China to Taiwan: Independence ‘means war’

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China ratcheted up its rhetoric toward Taiwan as it increases its military activities near the self-governing island.

Beijing considers Taiwan to be part of China, a stance Taiwan rejects. Tensions have risen since Chinese fighter jets and bombers flew through Taiwanese airspace earlier this month, sparking a rebuke from Washington.

Chinese defense ministry spokesman Wu Qian at a briefing Thursday defended the recent activity and maintained that Taiwan is part of China.

“The military activities carried out by the Chinese PLA [People’s Liberation Army] in the Taiwan Strait are necessary actions in response to the current security situation across the Taiwan Strait,” Wu said, according to a Defense Ministry readout, adding that “it is also a solemn response to the interference of external forces and the provocations by ‘Taiwan independence’ forces.”

Wu later threatened that “‘Taiwan independence’ means war,” a remark first reported by Reuters and confirmed by state media.

The comment marked a rare, overt warning from Beijing, which has never taken use of force off the table against Taiwan but does not frequently make explicit threats of war.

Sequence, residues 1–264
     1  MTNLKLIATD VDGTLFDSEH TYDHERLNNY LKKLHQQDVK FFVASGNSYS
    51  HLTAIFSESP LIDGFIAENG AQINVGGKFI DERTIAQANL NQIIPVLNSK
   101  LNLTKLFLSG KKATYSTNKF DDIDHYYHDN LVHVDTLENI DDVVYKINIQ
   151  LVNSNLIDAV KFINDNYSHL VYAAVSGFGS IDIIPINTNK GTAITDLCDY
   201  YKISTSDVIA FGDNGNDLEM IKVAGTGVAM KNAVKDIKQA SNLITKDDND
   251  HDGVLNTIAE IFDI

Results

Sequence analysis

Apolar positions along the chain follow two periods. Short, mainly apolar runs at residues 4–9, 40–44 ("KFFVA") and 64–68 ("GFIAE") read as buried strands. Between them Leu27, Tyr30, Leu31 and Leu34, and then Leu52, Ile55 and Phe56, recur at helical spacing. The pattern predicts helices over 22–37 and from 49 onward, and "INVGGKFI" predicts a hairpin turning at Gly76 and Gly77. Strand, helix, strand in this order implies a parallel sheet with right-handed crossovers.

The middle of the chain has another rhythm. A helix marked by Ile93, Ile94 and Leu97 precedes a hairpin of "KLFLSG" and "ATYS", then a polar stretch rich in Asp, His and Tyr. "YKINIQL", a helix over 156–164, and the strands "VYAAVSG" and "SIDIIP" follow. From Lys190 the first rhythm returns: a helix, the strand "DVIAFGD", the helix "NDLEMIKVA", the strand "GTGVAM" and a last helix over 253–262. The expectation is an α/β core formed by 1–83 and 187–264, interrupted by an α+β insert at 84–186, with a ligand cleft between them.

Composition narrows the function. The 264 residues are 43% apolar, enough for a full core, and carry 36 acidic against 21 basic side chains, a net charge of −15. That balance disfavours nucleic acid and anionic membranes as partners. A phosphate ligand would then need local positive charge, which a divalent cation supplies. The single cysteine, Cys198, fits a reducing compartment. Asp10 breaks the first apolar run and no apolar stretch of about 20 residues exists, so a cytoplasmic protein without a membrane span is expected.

China has long cast Taiwan as one of its top disagreements in its relationship with the U.S.

The Trump administration ramped up support for the democratic island during its four years, including approving nearly $2.4 billion in arms sales to Taiwan in October just a week after a similarly large deal was permitted. 

The deal includes up to 100 Boeing-made Harpoon Coastal Defense Systems and 400 Harpoon Block II Surface Launched Missiles, a sale the Pentagon said was intended to help Taiwan “improve the security of the recipient and assist in maintaining political stability, military balance, economic and progress in the region.” 

The Biden administration has indicated it intends to keep up the relationship with Taiwan.

“We will continue to assist Taiwan in maintaining a sufficient self-defense capability. Our commitment to Taiwan is rock-solid and contributes to the maintenance of peace and stability across the Taiwan Strait and within the region,” State Department spokesperson Ned Price said over the weekend.

Tags Cross-Strait relations Political status of Taiwan Politics of Taiwan Taiwan Taiwan independence movement Taiwanese nationalism
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